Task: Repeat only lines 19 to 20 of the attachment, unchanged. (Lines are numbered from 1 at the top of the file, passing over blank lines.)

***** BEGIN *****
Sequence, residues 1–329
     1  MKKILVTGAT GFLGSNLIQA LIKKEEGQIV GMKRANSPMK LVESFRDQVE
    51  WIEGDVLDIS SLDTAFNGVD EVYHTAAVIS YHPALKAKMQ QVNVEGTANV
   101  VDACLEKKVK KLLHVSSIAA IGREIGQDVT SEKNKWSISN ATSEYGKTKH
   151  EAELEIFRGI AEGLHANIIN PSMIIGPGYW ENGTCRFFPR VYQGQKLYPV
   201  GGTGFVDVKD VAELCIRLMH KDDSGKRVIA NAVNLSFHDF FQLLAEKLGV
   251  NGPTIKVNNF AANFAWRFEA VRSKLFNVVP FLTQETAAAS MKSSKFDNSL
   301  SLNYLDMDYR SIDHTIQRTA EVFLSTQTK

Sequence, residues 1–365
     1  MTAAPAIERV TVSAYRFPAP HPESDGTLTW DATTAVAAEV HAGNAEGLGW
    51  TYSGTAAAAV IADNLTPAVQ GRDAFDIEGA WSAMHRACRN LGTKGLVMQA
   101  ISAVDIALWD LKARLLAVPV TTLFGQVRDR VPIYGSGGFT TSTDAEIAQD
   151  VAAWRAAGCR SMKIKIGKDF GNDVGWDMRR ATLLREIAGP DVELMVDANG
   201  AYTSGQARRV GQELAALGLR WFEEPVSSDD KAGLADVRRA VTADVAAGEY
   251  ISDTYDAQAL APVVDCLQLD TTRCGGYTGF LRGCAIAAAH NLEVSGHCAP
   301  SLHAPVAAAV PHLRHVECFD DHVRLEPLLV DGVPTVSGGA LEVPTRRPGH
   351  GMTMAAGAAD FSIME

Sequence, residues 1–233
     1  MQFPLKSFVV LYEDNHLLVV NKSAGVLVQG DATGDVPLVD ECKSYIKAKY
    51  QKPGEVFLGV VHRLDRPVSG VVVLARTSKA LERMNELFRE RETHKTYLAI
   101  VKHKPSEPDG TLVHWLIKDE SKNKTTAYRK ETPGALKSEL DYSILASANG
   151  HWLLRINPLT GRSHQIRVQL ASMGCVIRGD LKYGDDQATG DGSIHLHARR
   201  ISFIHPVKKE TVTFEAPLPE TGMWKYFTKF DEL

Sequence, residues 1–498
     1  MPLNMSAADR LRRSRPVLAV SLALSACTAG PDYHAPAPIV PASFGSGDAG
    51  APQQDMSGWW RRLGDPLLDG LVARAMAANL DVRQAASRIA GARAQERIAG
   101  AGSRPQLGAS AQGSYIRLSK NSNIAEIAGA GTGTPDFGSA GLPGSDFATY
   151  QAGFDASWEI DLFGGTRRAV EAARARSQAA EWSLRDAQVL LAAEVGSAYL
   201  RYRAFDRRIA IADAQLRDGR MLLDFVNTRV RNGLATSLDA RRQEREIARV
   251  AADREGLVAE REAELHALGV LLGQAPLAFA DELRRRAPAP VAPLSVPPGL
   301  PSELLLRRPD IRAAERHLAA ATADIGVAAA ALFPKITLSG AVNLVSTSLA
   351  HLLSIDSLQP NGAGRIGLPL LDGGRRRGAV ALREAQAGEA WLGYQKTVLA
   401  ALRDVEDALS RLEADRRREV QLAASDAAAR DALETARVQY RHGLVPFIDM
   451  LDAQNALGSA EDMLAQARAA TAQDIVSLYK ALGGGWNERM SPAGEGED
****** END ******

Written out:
     1  MQFPLKSFVV LYEDNHLLVV NKSAGVLVQG DATGDVPLVD ECKSYIKAKY
    51  QKPGEVFLGV VHRLDRPVSG VVVLARTSKA LERMNELFRE RETHKTYLAI